Brigid McDonald^{1}, Renjie He^{1}, Yao Ding^{2}, Travis Salzillo^{2}, Jihong Wang^{2}, Clifton Fuller^{2}, and Abdallah Mohamed^{2}

^{1}Radiation Oncology, UT MD Anderson Cancer Center, Houston, TX, United States, ^{2}UT MD Anderson Cancer Center, Houston, TX, United States

### Synopsis

In
this study, we investigate weekly changes in mean and median apparent diffusion
coefficient (ADC) values from diffusion-weighted MRI for HPV+ oropharyngeal
cancer patients undergoing definitive radiation therapy (RT). Trends of
increasing ADC values in GTV_P and GTV_N were observed with clear separation at
each time point between patients with no evidence of disease vs. recurrence at
2 months post-RT. Because of our small sample size (15), a larger cohort is
needed for more robust outcome prediction analysis.

### Introduction

Diffusion-weighted magnetic resonance imaging (DW-MRI) is a
quantitative MRI technique that measures the diffusion of water throughout a
tissue. Its associated quantitative imaging biomarker, the apparent diffusion
coefficient (ADC), has been shown in recent studies as a potential imaging biomarker
for predicting response to radiation therapy (RT) in head and neck cancers.
However, most studies have only looked at differences between pre-RT and a single
mid-RT time point, leaving the overall ADC kinetics unknown. In this study, we
analyze weekly DW-MRI images throughout RT for human papillomavirus-positive
(HPV+) oropharyngeal cancer patients and investigate ADC and volumetric changes
in both primary tumors and lymph nodes.### Methods

15 HPV+ oropharyngeal cancer patients treated with definitive RT (70 Gy;
33 fractions) were included in this study (clinical demographics in Table 1).
All patients provided written informed consent to participate in this IRB-approved
study (NCT03224000; institutional IRB identifier: 2015-0851). Patients were
imaged at baseline and weekly during RT on a 1.5T MR-sim (Siemens Aera) with
fat-suppressed T2-weighted turbo spin echo and DW-MRI (12 imaged with BLADE, 3
with RESOLVE).
Sequence parameters (TR/TE (ms); pixel size/slice thickness (mm); b-values
(s/mm2)): T2-weighted (5280/80; 0.5/2; N/A), BLADE (5900/50; 2/4; 0 & 800),
RESOLVE (9380/63; 2/4; 0 & 800). A total of 15 primary gross tumor volumes (GTV_P) and 14 nodal gross tumor
volumes (GTV_N) were analyzed (14 nodes across 12 patients). The number of
structures omitted from analysis due to missing images, artifacts, or complete
response (CR) of a structure were 0, 2, 0, 1, 4, 4, 12 for baseline and weeks
1-6, respectively, for GTV_P and 0, 2, 1, 1, 0, 2, 6 for GTV_N. Differences
in mean and median ADC values between BLADE and RESOLVE were assessed at each
time point with the Kolmogorov–Smirnov test (α=0.05
for all statistical tests). The Kruskal-Wallis test was performed to detect
significant changes across all time points for mean and median ADC and volume
for GTV_P and GTV_N. Percent changes (%Δ) from baseline were calculated for the
same quantities. To test whether any of the studied quantities (weekly absolute
values and %Δ values) could predict response at 2-months post-RT, the Mann-Whitney
test was performed for the quantities at each week. The relationship between %Δvolume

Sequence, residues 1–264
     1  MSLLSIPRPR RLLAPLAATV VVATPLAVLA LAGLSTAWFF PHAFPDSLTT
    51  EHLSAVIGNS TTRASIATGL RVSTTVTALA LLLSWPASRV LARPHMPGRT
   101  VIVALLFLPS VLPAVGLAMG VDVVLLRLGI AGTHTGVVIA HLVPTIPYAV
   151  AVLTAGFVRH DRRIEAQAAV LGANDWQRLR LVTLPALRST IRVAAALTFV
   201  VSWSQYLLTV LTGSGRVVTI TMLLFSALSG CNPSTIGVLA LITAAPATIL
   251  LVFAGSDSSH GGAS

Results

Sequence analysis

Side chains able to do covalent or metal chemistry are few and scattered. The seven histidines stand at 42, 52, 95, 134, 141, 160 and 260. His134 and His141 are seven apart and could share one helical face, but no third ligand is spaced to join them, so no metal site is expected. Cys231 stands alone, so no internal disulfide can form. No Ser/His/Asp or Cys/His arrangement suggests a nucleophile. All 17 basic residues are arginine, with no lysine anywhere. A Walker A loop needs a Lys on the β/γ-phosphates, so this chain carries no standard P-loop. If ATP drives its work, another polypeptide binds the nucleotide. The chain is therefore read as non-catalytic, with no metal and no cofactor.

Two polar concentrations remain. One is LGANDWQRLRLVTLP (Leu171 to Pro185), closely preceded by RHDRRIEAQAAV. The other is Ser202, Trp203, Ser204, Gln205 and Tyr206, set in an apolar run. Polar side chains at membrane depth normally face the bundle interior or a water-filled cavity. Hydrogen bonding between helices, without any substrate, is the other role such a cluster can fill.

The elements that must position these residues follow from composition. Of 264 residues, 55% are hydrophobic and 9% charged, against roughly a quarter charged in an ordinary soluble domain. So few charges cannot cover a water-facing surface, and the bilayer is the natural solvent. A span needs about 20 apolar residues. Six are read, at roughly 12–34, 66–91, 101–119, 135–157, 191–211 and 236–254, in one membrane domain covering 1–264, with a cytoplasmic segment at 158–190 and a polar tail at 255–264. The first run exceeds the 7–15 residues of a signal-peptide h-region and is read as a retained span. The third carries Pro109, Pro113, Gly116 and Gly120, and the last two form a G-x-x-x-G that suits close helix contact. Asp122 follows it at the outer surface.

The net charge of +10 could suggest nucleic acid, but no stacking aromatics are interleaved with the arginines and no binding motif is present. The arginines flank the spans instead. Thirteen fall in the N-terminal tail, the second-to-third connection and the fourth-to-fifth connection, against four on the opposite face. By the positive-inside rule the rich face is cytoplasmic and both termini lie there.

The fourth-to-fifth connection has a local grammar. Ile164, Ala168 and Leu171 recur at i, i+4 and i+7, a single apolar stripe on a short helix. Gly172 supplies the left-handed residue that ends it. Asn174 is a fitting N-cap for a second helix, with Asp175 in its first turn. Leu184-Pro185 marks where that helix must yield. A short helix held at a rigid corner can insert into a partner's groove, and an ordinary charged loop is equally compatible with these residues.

and %ΔADC (mean and median) was assessed for each week using linear regression
and Spearman’s correlation.### Results

Mean
and median ADC values for BLADE vs. RESOLVE were not significantly different at
any time point except baseline (p=0.0285 for mean, p=0.0171 for median). Kruskal-Wallis
analysis revealed significant differences across time points for GTV_P mean
(p<0.0001), median (p<0.0001), and volume (p<0.0001) and GTV_N median
(p=0.0439) but no significant difference for GTV_N mean (p=0.0534) and volume
(p=0.1161). None of the studied parameters (mean, median, volume, and %Δ values)
showed a significant difference between responders and non-responders at
2-months post-RT. However, visual inspection of the data (Figure 1) showed higher
overall mean and median ADC for responders compared to non-responders for both GTV_P
and GTV_N. Responders also showed higher overall GTV_P volumes but lower
overall GTV_N volumes compared to non-responders. %Δmean and %Δvolume kinetics for
individual patients are shown in Figure 2. Linear correlations were nonexistent
or very weak for %Δvolume vs. %Δmean and %Δvolume vs. %Δmedian
at each week for GTV_P and GTV_N (maximum r2=0.36). None of the
pairs had a significant Spearman correlation except GTV_N week 3 %Δvolume vs. %Δmean
(p=0.0438) and vs. %Δmedian (0.0325).### Discussion

Our data supports trends seen in the literature that ADC values
increase as a tumor responds to RT due to the RT-induced breakdown of cellular
membranes. Although Figure 1 shows consistently higher ADC values at each time
point for responders compared to non-responders, these differences were not significantly
different in the Mann-Whitney test, which is most likely due to the small
sample size and low number of recurrence events (2 patients/3 lymph nodes).
This patient population was all HPV+ oropharyngeal cancer (and all but one were
early stage), which generally has a favorable response to RT, so a larger
cohort is needed for further analysis. Another limitation of this study is that
two DW-MRI sequences were used due to an unforeseen change in scan protocols
during the course of this study. The Kolmogorov–Smirnov test showed that differences
between the two sequences were not significant at any time point except one,
but further analysis with these sequences taken on the same patients should be
pursued to reliably quantify any major differences or overall ADC bias between
the sequences.### Conclusion

Trends of increasing ADC values in GTV_P and GTV_N were observed for
our cohort of 15 HPV+ oropharyngeal cancer patients. However, a larger cohort
is needed for more robust outcome prediction analysis.### Acknowledgements

No acknowledgement found.### References

No reference found.